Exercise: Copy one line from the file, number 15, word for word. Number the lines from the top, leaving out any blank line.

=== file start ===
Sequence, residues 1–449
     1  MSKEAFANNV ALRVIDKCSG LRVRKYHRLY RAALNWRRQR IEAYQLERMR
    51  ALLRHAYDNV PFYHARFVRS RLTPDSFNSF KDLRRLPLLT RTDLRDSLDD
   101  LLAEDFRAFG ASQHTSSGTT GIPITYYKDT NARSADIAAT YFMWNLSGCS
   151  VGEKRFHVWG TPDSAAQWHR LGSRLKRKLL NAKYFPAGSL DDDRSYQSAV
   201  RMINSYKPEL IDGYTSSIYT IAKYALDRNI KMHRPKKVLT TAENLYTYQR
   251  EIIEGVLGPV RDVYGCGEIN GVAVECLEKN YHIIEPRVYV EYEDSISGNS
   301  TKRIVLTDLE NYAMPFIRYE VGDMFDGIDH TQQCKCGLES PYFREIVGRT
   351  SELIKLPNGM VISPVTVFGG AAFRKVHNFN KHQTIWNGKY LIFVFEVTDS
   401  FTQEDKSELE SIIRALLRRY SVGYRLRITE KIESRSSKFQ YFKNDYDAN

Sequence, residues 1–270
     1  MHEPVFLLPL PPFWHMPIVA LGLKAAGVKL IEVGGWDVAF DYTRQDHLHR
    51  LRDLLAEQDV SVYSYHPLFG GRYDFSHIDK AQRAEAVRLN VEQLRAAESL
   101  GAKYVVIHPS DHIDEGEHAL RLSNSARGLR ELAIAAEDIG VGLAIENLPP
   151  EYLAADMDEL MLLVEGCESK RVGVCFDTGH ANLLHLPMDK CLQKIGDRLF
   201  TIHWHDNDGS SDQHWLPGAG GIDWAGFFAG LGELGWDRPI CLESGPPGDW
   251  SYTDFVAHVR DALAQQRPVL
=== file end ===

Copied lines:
   151  EYLAADMDEL MLLVEGCESK RVGVCFDTGH ANLLHLPMDK CLQKIGDRLF